When I wrote 'Cracking Questions' some years ago, I aimed to create a book that would help leaders shape their organisations to meet the challenges of unknown futures and still be as successful, if not more so. The book is based on the simple idea: inside every organisation are the innovative sparks and creative geniuses that just need to be allowed to use their flare and build a more productive enterprise. The questions in the book were designed to help people rediscover their own ingenuity and verve for designing better ways to do business. 

And so faced with the pandemic, I pondered on how I might help businesses 'build back better'. I decided to turn my book into a series of podcasts that anyone could listen to as they went to sleep, went for run, or cooked the evening meal (and so forth). Today I finished the last pod case (number sixteen) which is now available for all to listen to. You can still buy the book of course (with its money back guarantee) if you so wish. 

But here is main link to my soundcloud channel: All the podcasts are on their, beginning with this one:  

The rest all there too - please just subscribe to the podcast channel and I think they will all be available to you. Please enjoy and hopefully these podcasts will help you to think about how to develop your strategy so that it is able to meet the shifting economic sans of this crisis. 

Wednesday 13 September 2017

Town Mayor

Sorry for not posting much on this blog of late, I have been extraordinarily busy with a range of other tasks - not least becoming Mayor of Buckingham. If you want to read about my journey, you can:

I will certainly be reflecting on what I learn about leadership as a consequence. So watch this space!

Thursday 22 December 2016

A new hope

At this time of year, for the last few years, I have been selecting a word to 'adopt' as a background theme for the coming year. And the 'adoption' was in support of a charity called "I can" which specialises in helping children with communication difficulties. But this charity have ceased this money raising campaign so I was left with a conundrum: do I carry on selecting a word and who do I now support instead.

My answer was yes and I have chosen to support a local charity called "Clearly Speaking" who work with children local to Buckingham where I live, who also have communication difficulties. (You can find out more about their work here)

But what word should it be for 2017?

My word for 2016 was Dance! For 2017 my word is....


Rapprochement: "(especially in international affairs) an establishment or resumption of harmonious relations: ‘there were signs of a growing rapprochement between the two countries’ "

It seems to me that the world is in great need of more rapprochement: not just between nations, but between communities within those nations as well. 2016 appears to me to have emphasised the fractures and divisions in our world. And I am reminded of the words of Jo Cox MP, murdered on the streets of her constituency this year. She said in her parliamentary maiden speech, as we all know now, that we have "far more in common with each other than things that divide us".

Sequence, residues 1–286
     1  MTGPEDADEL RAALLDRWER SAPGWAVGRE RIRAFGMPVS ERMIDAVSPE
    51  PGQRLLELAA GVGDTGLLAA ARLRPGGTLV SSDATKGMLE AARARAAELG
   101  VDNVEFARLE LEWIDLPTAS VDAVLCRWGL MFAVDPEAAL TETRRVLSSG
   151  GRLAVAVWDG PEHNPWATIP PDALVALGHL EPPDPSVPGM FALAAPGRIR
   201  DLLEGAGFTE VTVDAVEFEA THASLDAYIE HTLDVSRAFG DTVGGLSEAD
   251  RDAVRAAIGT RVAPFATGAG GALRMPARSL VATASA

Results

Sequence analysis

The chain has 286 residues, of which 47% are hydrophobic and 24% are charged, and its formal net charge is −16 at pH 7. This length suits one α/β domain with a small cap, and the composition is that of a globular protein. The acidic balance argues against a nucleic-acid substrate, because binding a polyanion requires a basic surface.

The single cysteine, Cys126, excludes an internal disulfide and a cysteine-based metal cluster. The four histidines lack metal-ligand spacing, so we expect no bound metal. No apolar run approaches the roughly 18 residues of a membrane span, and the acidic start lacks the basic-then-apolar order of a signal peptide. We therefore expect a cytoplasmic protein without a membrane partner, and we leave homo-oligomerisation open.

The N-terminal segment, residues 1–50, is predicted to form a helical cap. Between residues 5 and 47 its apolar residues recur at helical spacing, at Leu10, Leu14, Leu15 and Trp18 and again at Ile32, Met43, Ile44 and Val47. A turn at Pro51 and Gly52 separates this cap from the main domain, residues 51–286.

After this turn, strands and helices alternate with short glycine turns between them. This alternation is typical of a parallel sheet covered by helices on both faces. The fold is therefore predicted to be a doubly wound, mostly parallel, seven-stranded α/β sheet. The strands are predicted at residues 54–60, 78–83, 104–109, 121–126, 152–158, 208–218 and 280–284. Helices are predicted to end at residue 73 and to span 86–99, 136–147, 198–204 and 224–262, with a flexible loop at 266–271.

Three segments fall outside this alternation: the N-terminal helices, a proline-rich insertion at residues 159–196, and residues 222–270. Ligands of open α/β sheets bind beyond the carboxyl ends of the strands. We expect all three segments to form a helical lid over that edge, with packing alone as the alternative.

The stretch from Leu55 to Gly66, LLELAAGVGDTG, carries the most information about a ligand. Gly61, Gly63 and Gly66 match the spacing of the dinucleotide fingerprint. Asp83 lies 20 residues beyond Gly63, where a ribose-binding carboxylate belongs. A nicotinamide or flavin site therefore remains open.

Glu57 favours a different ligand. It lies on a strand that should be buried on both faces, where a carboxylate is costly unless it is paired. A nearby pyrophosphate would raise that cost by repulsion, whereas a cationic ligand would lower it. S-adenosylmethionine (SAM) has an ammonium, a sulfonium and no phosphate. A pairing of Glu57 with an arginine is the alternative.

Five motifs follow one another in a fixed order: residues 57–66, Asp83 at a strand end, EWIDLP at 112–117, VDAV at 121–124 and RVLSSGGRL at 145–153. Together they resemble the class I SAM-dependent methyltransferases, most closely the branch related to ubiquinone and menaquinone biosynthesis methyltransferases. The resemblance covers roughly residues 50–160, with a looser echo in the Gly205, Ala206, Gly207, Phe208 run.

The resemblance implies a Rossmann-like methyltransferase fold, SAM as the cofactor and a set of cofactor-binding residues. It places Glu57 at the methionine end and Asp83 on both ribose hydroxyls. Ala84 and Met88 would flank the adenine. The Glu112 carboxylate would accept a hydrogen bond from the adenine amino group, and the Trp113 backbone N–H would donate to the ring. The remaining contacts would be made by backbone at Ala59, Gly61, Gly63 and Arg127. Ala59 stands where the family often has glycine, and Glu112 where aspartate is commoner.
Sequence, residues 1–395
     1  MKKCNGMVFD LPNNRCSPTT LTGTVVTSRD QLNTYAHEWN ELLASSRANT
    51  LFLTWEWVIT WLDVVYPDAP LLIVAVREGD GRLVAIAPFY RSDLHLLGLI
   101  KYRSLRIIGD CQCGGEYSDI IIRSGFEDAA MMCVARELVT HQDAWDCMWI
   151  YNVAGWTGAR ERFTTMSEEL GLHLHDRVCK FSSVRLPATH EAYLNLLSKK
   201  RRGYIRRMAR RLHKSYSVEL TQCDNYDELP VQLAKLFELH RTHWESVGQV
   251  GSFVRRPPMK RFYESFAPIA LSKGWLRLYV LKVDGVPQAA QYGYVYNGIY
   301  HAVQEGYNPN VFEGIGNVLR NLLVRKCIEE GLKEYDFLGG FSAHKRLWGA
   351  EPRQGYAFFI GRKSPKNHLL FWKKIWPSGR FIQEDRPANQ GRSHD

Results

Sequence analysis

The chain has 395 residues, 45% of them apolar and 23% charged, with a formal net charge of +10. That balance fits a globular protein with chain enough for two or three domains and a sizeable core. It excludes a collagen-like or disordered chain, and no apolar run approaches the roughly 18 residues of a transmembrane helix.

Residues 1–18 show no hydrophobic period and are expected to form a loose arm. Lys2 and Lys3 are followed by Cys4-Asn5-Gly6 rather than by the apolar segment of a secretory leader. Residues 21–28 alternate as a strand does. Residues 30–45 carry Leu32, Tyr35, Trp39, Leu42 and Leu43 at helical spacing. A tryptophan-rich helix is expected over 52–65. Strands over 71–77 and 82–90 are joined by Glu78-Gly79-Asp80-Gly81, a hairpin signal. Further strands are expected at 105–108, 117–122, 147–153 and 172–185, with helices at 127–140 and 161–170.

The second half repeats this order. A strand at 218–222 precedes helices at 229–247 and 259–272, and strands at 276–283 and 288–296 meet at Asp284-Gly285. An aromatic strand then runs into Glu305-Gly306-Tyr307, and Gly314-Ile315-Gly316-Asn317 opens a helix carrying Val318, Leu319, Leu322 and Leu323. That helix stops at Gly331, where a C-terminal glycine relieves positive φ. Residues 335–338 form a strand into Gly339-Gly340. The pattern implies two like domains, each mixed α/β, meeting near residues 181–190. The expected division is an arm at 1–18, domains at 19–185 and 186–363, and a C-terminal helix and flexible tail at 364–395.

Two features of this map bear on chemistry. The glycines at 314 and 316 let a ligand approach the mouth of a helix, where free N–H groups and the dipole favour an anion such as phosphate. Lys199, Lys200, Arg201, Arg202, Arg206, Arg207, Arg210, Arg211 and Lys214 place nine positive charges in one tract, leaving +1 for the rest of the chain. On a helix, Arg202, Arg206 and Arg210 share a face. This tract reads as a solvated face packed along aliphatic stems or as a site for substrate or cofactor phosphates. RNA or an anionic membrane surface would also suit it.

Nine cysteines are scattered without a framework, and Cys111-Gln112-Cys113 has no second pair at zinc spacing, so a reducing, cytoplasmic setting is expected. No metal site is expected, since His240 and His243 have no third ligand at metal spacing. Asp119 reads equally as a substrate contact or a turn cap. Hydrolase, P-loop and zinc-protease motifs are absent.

By choosing rapprochement (very deliberately I have selected a French word that we have incorporated into English) as my theme for 2017, I will be doing all that I can to search for, magnify and celebrate all the things we have in common across our many divides, whilst respecting our differences too. As I have said many times: we all live under the same sky, we all bleed red and we all want a better future for the generations to come.

2017: a time for more rapprochement...

Thursday 22 September 2016

Leadership in Films lives on

I am hooked as I can't seem to give up seeing the leadership themes in contemporary movies... (but I am going to stick to the short form posts!)

Jason Bourne is rather tedious and left me rather unsatisfied: it just didn't have the edge of the original films. The narrative seemed engineered to tick various boxes. A sequel too far. Leadership theme: beware distractions.

Suicide Squad has been rather burned by the critics and so I was not expecting much (the film was my son's choice!) But actually I quite enjoyed it. Even though the narrative is somewhat predictable and chaotic (can it be both?), it was satisfying in a schlock dark super hero kind of way. Leadership theme: given the right context, all people can discover their integrity and leadership potential.

Hell or High Water is a crisply made film with some excellent cinematography and superlative acting. It feels very authentic: you can almost taste the dust and smell the sweat. This is an unforgiving film about anti-heroes and unaccountable villains. Go see when you get a chance. Leadership theme: sometimes there can be no closure no matter how much it is needed.

Court is an intriguing film set amid the Indian legal system, although maybe system is stretching it to a level of coherence and logic that maybe makes the word inapplicable. Like the legal processes in India (as depicted) this is a slow film, but also an intensely engrossing one as well. The acting is understated but all the more powerful because of it. Leadership theme: never underestimate the power of patience.